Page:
WASHINGTON, D.C. – Today, Senator Marsha Blackburn (R-Tenn.) introduced the Ask Musicians for Music Act (AM-FM) to modernize existing copyright law for radio stations and musicians. Under the current patchwork copyright system, radio stations can use sound recordings over their airwaves while creators, who own a stake in sound recordings, receive no payment in return. The AM-FM Act would require all radio services to pay fair market value for the music they use, putting music owners and the creative community on the same level as other American workers. Musicians hail from all 50 states, not just music meccas like Nashville, Austin, Los Angeles, or New York City.
“When music creators share their wonderful gift with the world, we hear songs that inspire and unite us. We should encourage such thriving talent and ensure the music community is properly compensated for their work,” said Senator Blackburn. “The AM-FM Act will reward singers, songwriters and musicians for their hard work when their music is played on the radio.”
The AM-FM Act seeks to ensure fair compensation for music creators, end unfair practices harming the music market, and empower copyright owners with new consent rights while providing exceptions for small and noncommercial stations.
Rep. Jerrold Nadler (D-N.Y.), Chairman of the House Judiciary Committee, introduced companion legislation in the House of Representatives.
“The United States is an outlier in the world for not requiring broadcast radio to pay artists when playing their music, while requiring satellite and internet radio to pay,” said Chairman Nadler. “This is unfair to both artists and music providers. I’m proud to sponsor the Ask Musician For Music Act of 2019 which would give artists and copyright owners the right to make a choice to allow AM/FM radio to use their work for free or to seek compensation for their work. The bill would also allow them to negotiate rates with broadcasters in exchange for permission for it to be aired. This is what music creators want and deserve.”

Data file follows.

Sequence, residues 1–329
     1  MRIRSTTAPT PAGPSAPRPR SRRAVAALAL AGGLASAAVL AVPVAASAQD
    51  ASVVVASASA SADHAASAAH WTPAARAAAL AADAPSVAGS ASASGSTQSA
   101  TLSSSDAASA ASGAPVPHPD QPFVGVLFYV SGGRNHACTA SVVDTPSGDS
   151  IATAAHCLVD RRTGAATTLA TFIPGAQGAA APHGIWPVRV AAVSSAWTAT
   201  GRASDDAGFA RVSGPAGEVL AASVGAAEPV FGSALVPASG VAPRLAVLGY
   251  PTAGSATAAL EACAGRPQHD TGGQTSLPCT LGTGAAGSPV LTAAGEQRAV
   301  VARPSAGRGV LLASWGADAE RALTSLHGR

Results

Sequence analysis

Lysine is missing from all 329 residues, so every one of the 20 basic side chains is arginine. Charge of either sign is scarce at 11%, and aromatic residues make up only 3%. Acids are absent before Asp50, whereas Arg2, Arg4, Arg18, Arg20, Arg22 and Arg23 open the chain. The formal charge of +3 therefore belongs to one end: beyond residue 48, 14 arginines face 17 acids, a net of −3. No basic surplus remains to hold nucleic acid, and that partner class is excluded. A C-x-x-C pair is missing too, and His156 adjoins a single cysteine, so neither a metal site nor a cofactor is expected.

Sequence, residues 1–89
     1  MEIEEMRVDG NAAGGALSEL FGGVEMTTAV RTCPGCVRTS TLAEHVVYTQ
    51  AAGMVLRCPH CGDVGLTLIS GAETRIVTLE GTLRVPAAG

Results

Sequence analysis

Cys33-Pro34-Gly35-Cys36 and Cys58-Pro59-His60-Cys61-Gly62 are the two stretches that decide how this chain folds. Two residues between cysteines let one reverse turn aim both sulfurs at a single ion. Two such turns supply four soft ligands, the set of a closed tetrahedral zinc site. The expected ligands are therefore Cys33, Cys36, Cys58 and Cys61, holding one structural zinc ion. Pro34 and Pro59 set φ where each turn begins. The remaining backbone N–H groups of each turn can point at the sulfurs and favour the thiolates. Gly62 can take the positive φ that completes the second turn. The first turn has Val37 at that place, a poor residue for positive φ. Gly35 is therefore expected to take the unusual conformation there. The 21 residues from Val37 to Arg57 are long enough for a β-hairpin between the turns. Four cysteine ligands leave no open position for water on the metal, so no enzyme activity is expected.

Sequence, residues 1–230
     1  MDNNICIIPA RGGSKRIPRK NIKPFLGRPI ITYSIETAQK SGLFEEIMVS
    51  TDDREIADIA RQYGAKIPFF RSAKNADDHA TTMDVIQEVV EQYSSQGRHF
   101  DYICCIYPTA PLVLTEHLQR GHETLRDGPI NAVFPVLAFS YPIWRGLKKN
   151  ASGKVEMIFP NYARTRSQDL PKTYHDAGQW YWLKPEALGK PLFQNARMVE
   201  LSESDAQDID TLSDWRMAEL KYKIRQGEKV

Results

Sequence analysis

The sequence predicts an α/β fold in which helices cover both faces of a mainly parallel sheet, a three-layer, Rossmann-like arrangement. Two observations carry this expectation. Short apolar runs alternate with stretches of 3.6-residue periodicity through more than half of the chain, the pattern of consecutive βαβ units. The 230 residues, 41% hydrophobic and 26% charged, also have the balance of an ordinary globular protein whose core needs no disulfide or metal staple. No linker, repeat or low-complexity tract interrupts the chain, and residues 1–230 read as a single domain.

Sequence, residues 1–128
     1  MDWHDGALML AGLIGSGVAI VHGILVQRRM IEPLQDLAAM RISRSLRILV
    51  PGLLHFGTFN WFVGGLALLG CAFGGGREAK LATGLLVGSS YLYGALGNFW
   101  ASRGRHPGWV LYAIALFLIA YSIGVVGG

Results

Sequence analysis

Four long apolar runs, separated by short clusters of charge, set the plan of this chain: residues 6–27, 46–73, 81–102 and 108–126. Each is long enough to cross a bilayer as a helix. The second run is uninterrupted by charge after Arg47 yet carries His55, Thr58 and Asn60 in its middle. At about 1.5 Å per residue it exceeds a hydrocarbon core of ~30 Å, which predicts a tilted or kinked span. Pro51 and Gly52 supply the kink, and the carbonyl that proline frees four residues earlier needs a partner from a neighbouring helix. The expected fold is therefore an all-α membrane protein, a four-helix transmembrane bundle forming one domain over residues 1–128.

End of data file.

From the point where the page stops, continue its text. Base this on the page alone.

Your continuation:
“The AM-FM Act will give artists control over what is rightfully theirs, their music,” said Daryl P. Friedman, Chief Industry, Government, & Member Relations Officer, Recording Academy. “The legislation is about consent for use of content, a basic concept that the National Association of Broadcasters is seeking for its own television members. We thank Senator Blackburn and Representative Nadler for their leadership on this issue, and ask members of Congress who recognize the importance of intellectual property to join them and pass this legislation.”
“Music is essential to the radio business, but for far too long, AM/FM radio broadcasters have profited by using sound recordings without paying anything to their creators,” said Mitch Glazier, Chairman and CEO, Recording Industry Association of America. “This bill puts the power of free markets to work to reverse that. Requiring terrestrial radio broadcasters to obtain permission to use music would allow creators to seek compensation for their work and remedy a longstanding inequity in copyright law. We are grateful to Senator Blackburn for her leadership towards a fairer music economy for everyone.”
“The AM-FM Act ensures that the people who make the music have a protected property right in their own work by requiring broadcasters to get permission before they transmit recordings over the air,” said SoundExchange CEO Michael J. Huppe. “It sets the table for meaningful marketplace negotiations and ends the current market distortion in our laws that forces artists to subsidize the multi-billion-dollar FM radio broadcast industry. I applaud Senator Blackburn and Chairman Nadler for their continued commitment to ending this egregious inequity for American music creators.”
“Songwriters and music publishers support the AM-FM Act because music has value, and creators should be able to decide what is best with their intellectual property,” said National Music Publishers Association President & CEO David Israelite. “For too long broadcasters have benefitted from the lack of a sound recording performance right, as well as antiquated consent decrees that allow them to pay songwriters less than fair market value. We thank Senator Blackburn and Rep. Nadler for their leadership on this issue and for standing up for creators.”